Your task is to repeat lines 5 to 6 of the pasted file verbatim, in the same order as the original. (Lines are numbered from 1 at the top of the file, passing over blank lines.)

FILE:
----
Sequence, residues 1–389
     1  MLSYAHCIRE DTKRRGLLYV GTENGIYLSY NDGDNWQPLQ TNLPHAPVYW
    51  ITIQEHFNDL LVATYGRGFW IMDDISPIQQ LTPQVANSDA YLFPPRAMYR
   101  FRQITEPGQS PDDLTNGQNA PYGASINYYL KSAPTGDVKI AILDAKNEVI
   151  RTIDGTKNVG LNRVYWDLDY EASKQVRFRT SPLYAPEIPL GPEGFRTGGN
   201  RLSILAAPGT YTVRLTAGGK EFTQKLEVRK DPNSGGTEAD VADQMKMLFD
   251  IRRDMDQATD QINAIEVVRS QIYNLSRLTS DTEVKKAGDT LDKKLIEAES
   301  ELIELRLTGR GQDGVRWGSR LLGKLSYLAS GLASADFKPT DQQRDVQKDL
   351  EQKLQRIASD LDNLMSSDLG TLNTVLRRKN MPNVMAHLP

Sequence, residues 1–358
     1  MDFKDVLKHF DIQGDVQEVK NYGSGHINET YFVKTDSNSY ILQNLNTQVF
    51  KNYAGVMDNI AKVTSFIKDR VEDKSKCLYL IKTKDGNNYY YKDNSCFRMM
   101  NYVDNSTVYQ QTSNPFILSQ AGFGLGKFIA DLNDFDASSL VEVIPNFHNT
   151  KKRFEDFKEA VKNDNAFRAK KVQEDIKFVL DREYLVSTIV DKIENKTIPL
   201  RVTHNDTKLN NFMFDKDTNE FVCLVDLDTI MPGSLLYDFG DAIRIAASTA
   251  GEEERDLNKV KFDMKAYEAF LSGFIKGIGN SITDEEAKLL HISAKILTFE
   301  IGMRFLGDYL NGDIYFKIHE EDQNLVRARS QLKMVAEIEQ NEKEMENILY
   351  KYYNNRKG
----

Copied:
   151  RTIDGTKNVG LNRVYWDLDY EASKQVRFRT SPLYAPEIPL GPEGFRTGGN
   201  RLSILAAPGT YTVRLTAGGK EFTQKLEVRK DPNSGGTEAD VADQMKMLFD